## 2009年2月10日 星期二

### Differentiability and uniform convergence

Today I came across a problem in elementary analysis. It is quite interesting, so I thought I'd share it here.

The problem is whether the following statement is true:

If a sequence of differentiable functions $f_n$ converges pointwisely to a function f and if the derivatives $\nabla f_n$ converges uniformly to a function g (say all convergence are on some open subset of $\mathbb{R}^n$, for the conclusions are local anyway), then the limit f is differentiable and $\nabla f = g$.

When n = 1 this is a standard theorem in mathematical analysis (see e.g. Rudin's Principle of Mathematical Analysis). However, I have not seen this explicitly stated for higher dimensions in any book, and if one just copies say the proof in Rudin's book line-by-line, one only concludes that the directional derivatives of f exist in every possible direction everywhere. Since in higher dimensions this is not quite sufficient to conclude that f is differentiable, I struggled for a while on whether the result is true as stated. (By the way, the result is trivial if one assumes all $\nabla f_n$ are continuously differentiable rather than just differentiable.)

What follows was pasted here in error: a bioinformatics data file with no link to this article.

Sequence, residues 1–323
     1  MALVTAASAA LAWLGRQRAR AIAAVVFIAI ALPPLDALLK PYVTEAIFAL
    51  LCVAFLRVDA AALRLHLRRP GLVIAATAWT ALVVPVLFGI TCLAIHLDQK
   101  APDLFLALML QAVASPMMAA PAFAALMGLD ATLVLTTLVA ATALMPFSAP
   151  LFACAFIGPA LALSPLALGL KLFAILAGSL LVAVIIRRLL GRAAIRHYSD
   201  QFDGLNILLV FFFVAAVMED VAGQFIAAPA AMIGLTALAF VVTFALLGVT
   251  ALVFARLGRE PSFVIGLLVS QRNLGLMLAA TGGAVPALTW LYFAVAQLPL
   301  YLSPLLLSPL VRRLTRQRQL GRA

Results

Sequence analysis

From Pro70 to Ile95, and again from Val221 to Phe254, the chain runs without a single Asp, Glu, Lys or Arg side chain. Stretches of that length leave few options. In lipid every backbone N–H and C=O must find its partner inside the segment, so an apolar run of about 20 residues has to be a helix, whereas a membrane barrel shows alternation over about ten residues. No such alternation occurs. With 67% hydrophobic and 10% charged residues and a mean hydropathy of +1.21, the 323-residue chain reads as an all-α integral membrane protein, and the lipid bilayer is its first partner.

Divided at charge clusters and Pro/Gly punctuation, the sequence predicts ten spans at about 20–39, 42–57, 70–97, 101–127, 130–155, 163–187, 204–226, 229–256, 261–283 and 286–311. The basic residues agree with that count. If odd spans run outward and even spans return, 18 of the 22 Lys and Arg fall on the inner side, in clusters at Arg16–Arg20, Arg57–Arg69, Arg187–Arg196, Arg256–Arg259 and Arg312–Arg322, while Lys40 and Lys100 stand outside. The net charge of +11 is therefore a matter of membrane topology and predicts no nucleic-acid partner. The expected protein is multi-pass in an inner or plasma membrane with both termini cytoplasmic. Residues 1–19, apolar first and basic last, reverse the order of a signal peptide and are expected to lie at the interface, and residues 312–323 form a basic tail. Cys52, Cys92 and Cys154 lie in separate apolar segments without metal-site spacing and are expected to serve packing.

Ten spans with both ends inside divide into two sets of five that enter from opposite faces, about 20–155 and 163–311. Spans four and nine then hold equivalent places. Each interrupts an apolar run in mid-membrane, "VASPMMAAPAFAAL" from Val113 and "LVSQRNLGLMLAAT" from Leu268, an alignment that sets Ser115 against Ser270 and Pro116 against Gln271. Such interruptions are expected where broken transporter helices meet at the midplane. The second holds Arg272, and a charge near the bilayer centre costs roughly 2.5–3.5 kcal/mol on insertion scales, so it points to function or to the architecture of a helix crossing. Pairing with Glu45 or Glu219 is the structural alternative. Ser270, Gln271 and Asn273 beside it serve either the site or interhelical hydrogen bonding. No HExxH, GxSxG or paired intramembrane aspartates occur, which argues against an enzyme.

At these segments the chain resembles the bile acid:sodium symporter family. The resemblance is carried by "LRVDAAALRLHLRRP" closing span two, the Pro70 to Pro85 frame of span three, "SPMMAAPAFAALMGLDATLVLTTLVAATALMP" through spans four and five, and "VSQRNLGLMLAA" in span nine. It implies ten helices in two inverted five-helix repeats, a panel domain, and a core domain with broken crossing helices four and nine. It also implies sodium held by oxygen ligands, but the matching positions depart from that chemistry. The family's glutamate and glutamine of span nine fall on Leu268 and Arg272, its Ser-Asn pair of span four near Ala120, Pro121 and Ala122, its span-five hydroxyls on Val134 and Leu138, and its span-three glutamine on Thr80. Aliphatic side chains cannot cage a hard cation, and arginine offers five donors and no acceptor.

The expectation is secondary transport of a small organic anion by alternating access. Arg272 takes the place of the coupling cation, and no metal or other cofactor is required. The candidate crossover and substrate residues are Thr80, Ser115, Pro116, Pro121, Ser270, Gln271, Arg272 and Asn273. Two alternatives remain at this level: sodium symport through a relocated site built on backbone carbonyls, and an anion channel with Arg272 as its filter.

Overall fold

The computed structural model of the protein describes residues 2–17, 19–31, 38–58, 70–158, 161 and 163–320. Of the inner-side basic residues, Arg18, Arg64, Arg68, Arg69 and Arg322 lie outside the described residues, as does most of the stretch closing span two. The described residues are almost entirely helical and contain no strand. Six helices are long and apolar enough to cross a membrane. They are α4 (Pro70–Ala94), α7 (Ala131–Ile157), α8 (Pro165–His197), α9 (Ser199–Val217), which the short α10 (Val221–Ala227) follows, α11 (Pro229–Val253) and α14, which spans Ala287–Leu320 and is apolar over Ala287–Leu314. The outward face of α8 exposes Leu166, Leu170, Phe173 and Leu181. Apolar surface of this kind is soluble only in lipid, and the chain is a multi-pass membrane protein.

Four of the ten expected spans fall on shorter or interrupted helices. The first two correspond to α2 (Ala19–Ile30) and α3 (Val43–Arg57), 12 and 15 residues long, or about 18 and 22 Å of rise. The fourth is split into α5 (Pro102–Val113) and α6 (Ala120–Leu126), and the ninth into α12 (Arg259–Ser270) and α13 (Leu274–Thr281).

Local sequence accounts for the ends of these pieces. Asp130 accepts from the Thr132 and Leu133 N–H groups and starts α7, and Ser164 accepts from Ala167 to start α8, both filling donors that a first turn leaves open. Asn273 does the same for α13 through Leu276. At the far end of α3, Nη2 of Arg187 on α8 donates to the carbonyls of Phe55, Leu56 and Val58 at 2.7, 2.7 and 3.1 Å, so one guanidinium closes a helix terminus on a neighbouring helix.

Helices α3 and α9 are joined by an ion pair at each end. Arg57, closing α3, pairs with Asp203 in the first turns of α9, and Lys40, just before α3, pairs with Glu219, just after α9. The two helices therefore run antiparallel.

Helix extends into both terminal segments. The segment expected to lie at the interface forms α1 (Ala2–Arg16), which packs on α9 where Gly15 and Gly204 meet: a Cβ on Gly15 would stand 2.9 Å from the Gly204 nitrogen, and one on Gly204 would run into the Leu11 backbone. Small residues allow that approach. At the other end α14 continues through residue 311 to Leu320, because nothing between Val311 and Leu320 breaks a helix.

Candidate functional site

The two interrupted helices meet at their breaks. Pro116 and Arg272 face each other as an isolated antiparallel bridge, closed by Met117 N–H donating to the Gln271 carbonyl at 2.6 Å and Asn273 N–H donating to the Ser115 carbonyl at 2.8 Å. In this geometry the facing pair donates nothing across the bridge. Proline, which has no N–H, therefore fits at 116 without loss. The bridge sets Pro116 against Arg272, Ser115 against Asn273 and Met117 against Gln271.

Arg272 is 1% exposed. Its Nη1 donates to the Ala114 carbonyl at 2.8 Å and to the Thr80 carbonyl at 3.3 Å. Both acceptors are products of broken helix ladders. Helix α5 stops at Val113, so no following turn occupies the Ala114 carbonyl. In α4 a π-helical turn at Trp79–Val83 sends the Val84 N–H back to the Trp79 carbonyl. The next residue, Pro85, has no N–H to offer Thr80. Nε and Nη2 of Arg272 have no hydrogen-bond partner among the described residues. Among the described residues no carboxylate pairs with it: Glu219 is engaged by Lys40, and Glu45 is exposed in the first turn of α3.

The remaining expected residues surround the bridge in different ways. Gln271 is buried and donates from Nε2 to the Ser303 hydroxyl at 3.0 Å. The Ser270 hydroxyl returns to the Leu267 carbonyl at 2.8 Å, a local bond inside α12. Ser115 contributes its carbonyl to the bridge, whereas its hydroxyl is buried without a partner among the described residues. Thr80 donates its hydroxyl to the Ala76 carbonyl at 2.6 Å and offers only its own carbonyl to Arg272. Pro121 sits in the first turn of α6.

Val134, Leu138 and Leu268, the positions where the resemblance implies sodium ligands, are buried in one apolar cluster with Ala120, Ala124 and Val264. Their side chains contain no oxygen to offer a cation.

My friends and I finally managed to give a positive answer to the above question, and I thought I'd present the proof here. (The proof is just a simple variant of say the proof in Rudin.)

Suppose $f_n$ is a sequence of differentiable functions in $\mathbb{R}^n$ that converges pointwisely to a function f and suppose their derivatives $\nabla f_n$ converges uniformly to a function g. Then to argue differentiability at $x_0$, consider the sequence of functions

$F_n(x):=\begin{cases}\frac{f_n(x)-f_n(x_0)-\nabla f_n(x_0)\cdot(x-x_0)}{|x-x_0|}&\quad\text{if x \ne x_0}\\0&\quad\text{if x = x_0}\end{cases}$

It is easy to verify that $F_n$ is a sequence of continuous functions of x, and that they are Cauchy in $L^{\infty}$. But by assumption $F_n$ converges pointwisely to

$F(x):=\begin{cases}\frac{f(x)-f(x_0)-g(x_0)\cdot (x-x_0)}{|x-x_0|}&\quad\text{if x \ne x_0}\\0&\quad\text{if x = x_0}\end{cases}$

Since the uniform limit of a sequence of continuous functions is continuous, F is continuous at $x_0$, so f is differentiable at $x_0$ and $\nabla f(x_0) = g(x_0)$. This completes the proof.